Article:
Timepieces

The Forgotten Joy of Wall Clocks

Her beloved farmhouse clock
Her beloved farmhouse clock

Updated August 01st, 2018

My mom has a kitchen wall clock in her home. I bought it for her a few years ago. She has two phones and still wears a watch. The one she had before the one that I bought her for Christmas was her favorite: it was a vintage-look farmhouse clock with a cockerel on it. It stopped working to the point where there was no battery that would make it work again. She kept this clock mounted in the kitchen because she liked the way it looked. She also trusts wall clocks to tell the time more than she does anything digital - even ones that don't work.

Having phones, we tend to forget about the selection of clocks that are out there. I'm sure my mom isn't the only person on the planet to keep a clock that no longer works because of how it looks. When I was in high school, one of the only early-90's computer programs we had in the lab was furnishing a fake home. Wall clocks were more important in pulling a room together than tables and chairs, and as we know, the internet never lies. 

I do understand why physical clocks can be a pain in the butt. Not only do you have to keep changing the battery, but you have to adjust them yourself when DST kicks in. That leaves a lot of clocks in kitchens and living rooms ticking an hour ahead/behind of what the time really is. I can see from that why there would be a lesser draw to own decorative wall clocks rather than seeing your iPhone X with a world clock system at the mere opening of an app. But, to this day, my mom bemoans it every time she loses a watch.

It's like a missing limb, she says.

How Do kids These Days Learn to Tell the Time?

I heard from a friend, whose oldest just started junior high this past year, that a lot of the work done in schools these days are done on tablets. That sure sounds cool, but I know I spent a huge chunk of my time in chem class staring at the wall clock, urging the time to pass by. That always made it seem to move slower, but it was an activity I could always count on in my least favorite class.


Are Wall Clocks Kind of Like Abacuses Now?

In kindergarten, we had one of those and it seemed so kitschy-yet-chic that our grandparents and great-grandparents used these to do math when I couldn't figure out division if I had a calculator in my hand. I can't help but feel that that's the role of clocks now. The ability to tell time is as important as learning to tie your shoelaces, and I used to know a girl who couldn't tell the time in her twenties, which should have said it all.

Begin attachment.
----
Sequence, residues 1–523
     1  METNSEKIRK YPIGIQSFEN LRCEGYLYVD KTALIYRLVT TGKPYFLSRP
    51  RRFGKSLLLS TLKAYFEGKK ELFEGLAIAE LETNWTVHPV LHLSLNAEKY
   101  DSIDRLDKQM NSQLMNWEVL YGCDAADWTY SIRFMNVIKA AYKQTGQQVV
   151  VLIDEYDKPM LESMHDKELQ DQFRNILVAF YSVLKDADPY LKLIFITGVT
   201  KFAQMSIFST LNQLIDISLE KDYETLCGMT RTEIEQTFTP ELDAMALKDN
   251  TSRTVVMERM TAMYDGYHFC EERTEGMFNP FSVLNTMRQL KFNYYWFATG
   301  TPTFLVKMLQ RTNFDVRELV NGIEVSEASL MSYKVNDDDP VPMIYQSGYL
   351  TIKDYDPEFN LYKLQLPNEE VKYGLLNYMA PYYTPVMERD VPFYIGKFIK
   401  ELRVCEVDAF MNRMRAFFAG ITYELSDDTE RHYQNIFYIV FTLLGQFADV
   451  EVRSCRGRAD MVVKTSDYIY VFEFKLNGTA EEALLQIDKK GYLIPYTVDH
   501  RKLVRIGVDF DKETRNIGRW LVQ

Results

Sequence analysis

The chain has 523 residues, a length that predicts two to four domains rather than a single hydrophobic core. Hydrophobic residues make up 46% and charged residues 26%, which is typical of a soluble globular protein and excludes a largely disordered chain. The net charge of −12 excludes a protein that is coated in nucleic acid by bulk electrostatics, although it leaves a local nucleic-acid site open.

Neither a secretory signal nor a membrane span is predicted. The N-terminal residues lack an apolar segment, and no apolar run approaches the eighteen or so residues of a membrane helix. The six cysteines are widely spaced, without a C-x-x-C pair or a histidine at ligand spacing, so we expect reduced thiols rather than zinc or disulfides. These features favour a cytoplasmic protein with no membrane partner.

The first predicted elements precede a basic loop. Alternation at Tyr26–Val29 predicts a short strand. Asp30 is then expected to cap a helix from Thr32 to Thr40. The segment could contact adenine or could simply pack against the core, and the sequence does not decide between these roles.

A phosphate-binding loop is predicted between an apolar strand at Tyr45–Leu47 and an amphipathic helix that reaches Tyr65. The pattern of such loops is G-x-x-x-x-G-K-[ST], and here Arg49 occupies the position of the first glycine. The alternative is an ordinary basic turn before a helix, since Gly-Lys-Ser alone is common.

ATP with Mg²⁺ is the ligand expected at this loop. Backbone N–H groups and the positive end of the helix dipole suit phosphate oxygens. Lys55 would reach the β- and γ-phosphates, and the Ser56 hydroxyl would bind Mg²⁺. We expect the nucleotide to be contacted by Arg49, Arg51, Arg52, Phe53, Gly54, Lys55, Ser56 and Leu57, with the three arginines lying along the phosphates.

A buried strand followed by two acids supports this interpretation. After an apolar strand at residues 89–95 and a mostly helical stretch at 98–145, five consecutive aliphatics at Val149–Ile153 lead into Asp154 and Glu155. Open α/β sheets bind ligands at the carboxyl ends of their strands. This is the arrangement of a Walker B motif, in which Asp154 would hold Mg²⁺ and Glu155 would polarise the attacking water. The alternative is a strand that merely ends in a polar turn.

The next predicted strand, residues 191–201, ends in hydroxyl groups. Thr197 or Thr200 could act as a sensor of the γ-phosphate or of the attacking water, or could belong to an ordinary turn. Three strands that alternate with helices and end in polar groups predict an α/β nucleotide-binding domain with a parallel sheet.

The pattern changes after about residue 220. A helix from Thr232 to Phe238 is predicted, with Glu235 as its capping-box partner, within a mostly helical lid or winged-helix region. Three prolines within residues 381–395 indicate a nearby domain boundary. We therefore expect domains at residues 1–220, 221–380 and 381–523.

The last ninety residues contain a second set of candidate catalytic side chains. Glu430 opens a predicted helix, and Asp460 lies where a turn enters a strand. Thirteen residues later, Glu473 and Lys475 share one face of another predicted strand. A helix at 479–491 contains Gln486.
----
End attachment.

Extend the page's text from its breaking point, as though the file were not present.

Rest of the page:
What Will Happen to All Those Unique Wall clocks Out There?

Clockmakers are also known as horologists. "Horologist" also denotes a person who studies the measurement of time, and so it makes sense that they used to be known for their artful and masterful craftsmanship. These days, a lot of clocks are built in factories by human beings masquerading as drones, but if you're a horologist who repairs antique wall clocks or torsion pendulum clocks for the mantle or any number of other styles, then you need to know the same things as the artists who used to build these clocks. As long as there are horologists, there will be someone out there who can restore your antique into a fully working clock.

Wait, What's a Torsion Pendulum Clock?




When my grandparents reached their silver anniversary, my aunt and uncle gifted them with a gold clock that went on their cabinet. This clock looked as though it was something from a steampunk graphic novel, with four pendulums turning around and around. It's known as an anniversary clock and a way of saying, "Congratulations! You made it another year." I bring this up because my grandparents had that clock in their living room as well as a wall clock. That's how people used to do things and I miss it.

The Replacement Kitchen Wall Clock

When my mom wouldn't give up the cockerel clock, I made the executive decision to buy her a new one. Since  Christmas was coming up, I knew she wouldn't be able to turn it down because it was a Christmas gift, and therefore, my plan was foolproof.

One of her favorite stores in town was a spot that sells unique gifts you can't get anywhere else. That had to be my destination, not just because of that but because one of the walls of the store is literally covered in clocks. If you find the ticking of them as comforting as I do - trust me - that store is heaven.


A lot of the wall clocks they had on display were creative and different, both of which also appeal to my mom. They were fashioned in everything from scrap metal to recycled ones from cafes or fire stations. The one I picked out for her was an engine red-metal clock with a face that had been taken from a French one, and it was so classy that I wanted it for myself.

My mom likes wall clocks that tick and she likes vintage stuff, so it was perfect for her in the only way a replacement for her favorite clock of all time could ever be. My mom is also funny - she put up the clock I got her and moved the broken cockerel one to another wall. Her kitchen is now home to two clocks, and I'm genuinely starting to wonder if I should take the cockerel along to a horologist...

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